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How state legislatures can break the power of corrupt big-city politics in presidential elections -4th in a series

How state legislatures can break the power of corrupt big-city politics in presidential elections -4th in a series

This is the fourth essay in a five part series. It was first published by the Epoch Times on January 21, 2021.

This essay explains how lawmakers in swing states can contain local corruption in presidential elections: by changing how their states choose presidential electors.

This is the fourth in a five-part series on how to cleanse our presidential contests from the kind of irregularities we saw in 2020.

There is a long history of big-city Democratic Party political machines corrupting American elections. When the  stars are aligned correctly, those machines can award the presidency to a candidate who really lost.

It is said that the classic script was written by Chicago Mayor Richard Daley in 1960. Most of Illinois voted for the Republican presidential candidate, Richard Nixon. One version of events says that Daley knew this was going to happen, so he allegedly held back Chicago’s vote totals until he saw how many votes the Democratic candidate, John F. Kennedy, needed to overcome Nixon’s statewide lead. Daley then released enough Democrat votes, real or fake, to swing all of Illinois’s electors to Kennedy.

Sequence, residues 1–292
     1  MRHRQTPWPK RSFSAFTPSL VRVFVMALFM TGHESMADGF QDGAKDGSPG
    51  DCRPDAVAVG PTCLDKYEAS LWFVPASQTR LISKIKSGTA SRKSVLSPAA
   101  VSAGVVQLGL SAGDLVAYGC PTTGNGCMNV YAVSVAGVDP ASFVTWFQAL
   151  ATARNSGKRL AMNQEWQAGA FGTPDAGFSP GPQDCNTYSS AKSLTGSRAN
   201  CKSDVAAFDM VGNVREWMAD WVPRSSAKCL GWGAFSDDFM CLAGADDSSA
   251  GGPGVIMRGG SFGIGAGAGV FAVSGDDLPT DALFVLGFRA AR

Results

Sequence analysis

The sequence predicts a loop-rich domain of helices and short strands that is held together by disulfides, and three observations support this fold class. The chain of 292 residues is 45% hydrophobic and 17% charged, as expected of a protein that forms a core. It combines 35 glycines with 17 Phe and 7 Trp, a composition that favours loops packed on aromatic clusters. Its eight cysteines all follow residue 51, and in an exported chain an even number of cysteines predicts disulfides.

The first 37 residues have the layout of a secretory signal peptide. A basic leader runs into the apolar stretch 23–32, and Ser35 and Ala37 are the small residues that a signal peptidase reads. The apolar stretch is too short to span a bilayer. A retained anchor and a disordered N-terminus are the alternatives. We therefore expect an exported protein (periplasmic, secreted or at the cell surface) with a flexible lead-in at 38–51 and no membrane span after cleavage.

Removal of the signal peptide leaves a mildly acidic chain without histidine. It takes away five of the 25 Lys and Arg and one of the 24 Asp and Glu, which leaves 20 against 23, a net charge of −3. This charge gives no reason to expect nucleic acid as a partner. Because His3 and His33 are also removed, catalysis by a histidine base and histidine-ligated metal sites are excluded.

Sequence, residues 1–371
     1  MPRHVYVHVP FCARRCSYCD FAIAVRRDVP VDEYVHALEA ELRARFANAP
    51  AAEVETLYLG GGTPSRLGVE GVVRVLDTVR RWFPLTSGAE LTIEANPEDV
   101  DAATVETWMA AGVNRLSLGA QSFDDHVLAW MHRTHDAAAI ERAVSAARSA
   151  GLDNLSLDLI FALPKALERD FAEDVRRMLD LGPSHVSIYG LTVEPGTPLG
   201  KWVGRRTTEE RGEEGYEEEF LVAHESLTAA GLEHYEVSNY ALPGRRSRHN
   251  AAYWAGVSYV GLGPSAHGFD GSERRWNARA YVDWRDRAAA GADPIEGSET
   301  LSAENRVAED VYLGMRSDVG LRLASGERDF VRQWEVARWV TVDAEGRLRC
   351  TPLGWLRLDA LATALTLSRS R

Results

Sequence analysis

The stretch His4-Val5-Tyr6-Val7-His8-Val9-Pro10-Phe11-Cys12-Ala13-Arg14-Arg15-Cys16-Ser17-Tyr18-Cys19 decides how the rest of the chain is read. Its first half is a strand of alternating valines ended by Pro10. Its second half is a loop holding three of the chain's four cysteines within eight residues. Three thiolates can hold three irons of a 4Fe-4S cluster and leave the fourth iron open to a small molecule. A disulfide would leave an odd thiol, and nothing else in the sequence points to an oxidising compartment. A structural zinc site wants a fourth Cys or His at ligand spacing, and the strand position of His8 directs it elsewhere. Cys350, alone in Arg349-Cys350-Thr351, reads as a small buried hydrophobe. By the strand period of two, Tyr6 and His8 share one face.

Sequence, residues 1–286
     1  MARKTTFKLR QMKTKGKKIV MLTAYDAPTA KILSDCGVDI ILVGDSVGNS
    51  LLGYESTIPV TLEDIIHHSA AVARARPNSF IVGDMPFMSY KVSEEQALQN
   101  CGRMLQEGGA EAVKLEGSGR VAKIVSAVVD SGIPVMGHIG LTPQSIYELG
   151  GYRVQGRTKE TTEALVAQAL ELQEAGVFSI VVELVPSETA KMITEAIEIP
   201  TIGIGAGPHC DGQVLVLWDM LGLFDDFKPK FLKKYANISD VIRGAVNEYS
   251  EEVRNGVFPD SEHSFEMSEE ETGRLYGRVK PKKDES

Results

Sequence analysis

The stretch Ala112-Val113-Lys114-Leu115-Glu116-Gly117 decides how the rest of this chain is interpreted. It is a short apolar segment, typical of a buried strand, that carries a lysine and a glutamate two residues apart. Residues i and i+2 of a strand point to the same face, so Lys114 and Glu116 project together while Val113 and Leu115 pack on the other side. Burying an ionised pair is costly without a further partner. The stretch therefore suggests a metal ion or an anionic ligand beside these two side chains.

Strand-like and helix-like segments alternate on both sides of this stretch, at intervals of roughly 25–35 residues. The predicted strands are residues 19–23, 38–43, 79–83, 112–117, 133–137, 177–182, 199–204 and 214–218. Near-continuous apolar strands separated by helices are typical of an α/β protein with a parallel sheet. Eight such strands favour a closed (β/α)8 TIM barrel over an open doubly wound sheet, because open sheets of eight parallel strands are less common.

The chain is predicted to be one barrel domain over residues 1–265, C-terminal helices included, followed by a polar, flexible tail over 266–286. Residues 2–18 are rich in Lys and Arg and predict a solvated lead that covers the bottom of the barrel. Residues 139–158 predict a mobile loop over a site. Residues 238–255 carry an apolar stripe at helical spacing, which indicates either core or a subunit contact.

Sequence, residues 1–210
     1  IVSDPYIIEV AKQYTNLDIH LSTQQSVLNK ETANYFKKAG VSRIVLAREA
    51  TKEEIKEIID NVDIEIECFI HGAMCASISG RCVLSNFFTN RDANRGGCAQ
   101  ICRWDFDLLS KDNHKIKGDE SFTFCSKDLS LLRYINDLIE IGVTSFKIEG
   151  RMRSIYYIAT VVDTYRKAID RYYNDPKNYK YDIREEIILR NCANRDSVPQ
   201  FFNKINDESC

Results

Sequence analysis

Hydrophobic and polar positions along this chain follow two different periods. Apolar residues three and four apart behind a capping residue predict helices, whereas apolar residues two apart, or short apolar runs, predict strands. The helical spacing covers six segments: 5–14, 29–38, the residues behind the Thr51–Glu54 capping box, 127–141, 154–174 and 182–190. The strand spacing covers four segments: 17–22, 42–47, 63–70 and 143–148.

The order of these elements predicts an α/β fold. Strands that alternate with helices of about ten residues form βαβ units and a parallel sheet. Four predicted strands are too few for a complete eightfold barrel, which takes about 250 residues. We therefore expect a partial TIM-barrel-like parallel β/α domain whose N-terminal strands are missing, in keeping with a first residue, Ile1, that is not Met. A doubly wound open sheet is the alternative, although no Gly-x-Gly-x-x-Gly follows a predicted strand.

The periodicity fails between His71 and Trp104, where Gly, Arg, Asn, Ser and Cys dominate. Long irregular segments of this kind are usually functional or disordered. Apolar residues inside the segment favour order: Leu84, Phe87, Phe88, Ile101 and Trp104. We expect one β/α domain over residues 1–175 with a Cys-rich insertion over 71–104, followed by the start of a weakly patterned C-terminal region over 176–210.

Meanwhile, alleged corruption in South Texas (home of Kennedy’s running mate, Lyndon Johnson), secured all the Texas electors for Kennedy. Flipping Illinois and Texas proved enough to put the likely loser, Kennedy, in the White House.

This had enormous consequences. Kennedy proposed—and after Kennedy’s death Johnson pushed through—the massive “Great Society” programs that have proven such spectacular failures. These were the programs that rendered the federal government nearly omnipotent and now threaten to bankrupt the country.

Although Chicago is legendary for electoral corruption, the 2020 presidential election showed that Chicago is not alone: Dubious vote totals generated by big-city Democrat political machines allegedly swung enough states to take the presidency away from Donald Trump and hand it to Joe Biden.

Why can the machines do this? They can because all but two states choose their presidential electors at large. Whatever candidate wins a bare plurality of the popular vote in the state takes all of that state’s electors.

For example: According to CNN, in 2020, Trump won 54 of Pennsylvania’s counties, mostly by large margins. Biden won only 13 counties, mostly by much narrower margins. However, Philadelphia County turned in an astonishing 81.4 percent for Biden, giving him all 20 of Pennsylvania’s presidential electors.